Asian businesses mull tech solutions to fight modern slavery

September 14, 2017 by Teresa Cerojano

Asia's business leaders are working on recommendations for protecting migrant workers from slavery and other abuse, according to Australia's ambassador for people smuggling and human trafficking.

One might be to create a regional website that rates employment recruiters—something already being done in Vietnam, Andrew Goledzinowski said. Another idea could be to designate a common telephone number as a regional hotline, similar to what the sportswear company Adidas provides to its factory workers in China and elsewhere.

Goledzinowski suggested the ideas at a forum of officials and business leaders from 45 Indo-Pacific countries known as the Bali Process, aimed at ensuring supply chains were not tainted by slave labor.

Participants agreed at the meeting in Perth, Australia, to submit recommendations to governments next year "for how to better manage the recruitment of migrant workers and the protection of migrant workers," Goledzinowski said in an interview Wednesday.

The idea is to improve supply chain transparency "so that businesses are not just responsible for what happens in their , but also who they buy from," he said.

Participants also suggested freeing workers from having to paying for their own recruitment. That often leads to workers dealing with recruiters they do not know, being charged high fees and then having their passport taken away when they reach their destination.

"And very quickly you are trafficked, in fact, you are in debt bondage," he said, expressing hope that agree that " should not have to pay for their own recruitment."

The recommendations will cover employment ethics, transparency standards and safeguards for victims and whistle-blowers. Some will be classed as minimum standards, and some as more ambitious targets.

"There's a lot that can be done which actually is quite easy, but it only works if everyone does it," Goledzinowski said.

Explore further: Employee outsourcing hides slaves in the workforce, shows research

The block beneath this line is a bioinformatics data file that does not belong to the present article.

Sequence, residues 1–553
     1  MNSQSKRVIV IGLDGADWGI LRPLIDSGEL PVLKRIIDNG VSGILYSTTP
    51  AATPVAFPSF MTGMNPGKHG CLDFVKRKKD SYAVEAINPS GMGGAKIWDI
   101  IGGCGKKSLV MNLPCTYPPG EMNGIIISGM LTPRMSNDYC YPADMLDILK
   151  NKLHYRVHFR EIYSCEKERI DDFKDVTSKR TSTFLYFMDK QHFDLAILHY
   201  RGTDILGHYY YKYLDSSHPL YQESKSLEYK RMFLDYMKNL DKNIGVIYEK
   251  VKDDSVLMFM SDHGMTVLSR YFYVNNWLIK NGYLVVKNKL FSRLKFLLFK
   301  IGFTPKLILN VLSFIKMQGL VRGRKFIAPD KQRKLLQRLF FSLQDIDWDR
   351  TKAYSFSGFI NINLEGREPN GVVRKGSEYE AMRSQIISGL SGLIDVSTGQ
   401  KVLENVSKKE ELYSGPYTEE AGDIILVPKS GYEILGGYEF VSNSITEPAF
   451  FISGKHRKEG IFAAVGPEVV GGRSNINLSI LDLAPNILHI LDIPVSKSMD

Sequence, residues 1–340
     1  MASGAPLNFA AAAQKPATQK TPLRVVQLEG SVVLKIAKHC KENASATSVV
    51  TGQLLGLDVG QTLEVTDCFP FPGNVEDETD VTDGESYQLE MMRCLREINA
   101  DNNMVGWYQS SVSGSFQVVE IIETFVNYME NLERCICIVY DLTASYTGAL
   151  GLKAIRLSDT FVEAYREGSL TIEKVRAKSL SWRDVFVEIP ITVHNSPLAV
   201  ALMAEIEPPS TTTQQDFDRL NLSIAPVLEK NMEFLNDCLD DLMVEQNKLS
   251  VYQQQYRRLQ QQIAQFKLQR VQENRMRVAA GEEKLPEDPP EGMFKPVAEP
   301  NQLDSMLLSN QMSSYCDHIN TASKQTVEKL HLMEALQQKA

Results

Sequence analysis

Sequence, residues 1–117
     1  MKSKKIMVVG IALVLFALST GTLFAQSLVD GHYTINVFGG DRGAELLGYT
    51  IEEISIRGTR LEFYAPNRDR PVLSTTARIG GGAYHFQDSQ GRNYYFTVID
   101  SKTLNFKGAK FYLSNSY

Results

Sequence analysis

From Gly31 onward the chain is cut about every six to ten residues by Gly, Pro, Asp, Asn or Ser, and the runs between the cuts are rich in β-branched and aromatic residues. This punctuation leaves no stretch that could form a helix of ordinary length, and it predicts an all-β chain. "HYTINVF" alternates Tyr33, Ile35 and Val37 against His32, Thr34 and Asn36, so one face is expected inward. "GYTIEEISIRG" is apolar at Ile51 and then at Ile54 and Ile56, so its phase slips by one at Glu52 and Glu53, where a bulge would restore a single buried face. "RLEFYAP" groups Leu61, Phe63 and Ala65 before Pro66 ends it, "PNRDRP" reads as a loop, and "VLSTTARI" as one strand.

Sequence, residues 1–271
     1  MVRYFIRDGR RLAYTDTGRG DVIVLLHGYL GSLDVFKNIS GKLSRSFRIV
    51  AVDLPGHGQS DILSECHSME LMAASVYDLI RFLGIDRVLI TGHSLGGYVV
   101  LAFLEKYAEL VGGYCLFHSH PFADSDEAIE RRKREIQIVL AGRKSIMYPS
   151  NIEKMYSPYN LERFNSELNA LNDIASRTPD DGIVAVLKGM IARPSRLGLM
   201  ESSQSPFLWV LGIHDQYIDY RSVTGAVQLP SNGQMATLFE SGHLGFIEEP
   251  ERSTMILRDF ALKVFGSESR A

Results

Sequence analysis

Related Stories

Wives of migrant workers at higher risk of HIV in Nepal

May 23, 2017

Travelling abroad to work or study has become a national trend in Nepal, especially in the young male population. Over three million Nepali migrant workers are in the Middle East, Malaysia and India. Particularly in India ...

Recommended for you

Secrets of extinct cow with face like a bulldog revealed

June 15, 2018

An international team of scientists have used the latest genetic and anatomical techniques to study the remains of a cow with a short face like a bulldog that fascinated Charles Darwin when he first saw it in Argentina 180 ...

Ancient mammal ancestor found and identified in China

June 14, 2018

A team of researchers from China and the U.S. has identified a new ancient mammal ancestor recently found in a part of China. In their paper published in the journal Nature, the group describes the creature, which they have ...

New research unveils true origin of ancient turquoise

June 13, 2018

New research published today in the journal Science Advances overturns more than a century of thought about the source of turquoise used by ancient civilizations in Mesoamerica, the vast region that extends from Central Mexico ...


Please sign in to add a comment. Registration is free, and takes less than a minute. Read more

Click here to reset your password.
Sign in to get notified via email when new comments are made.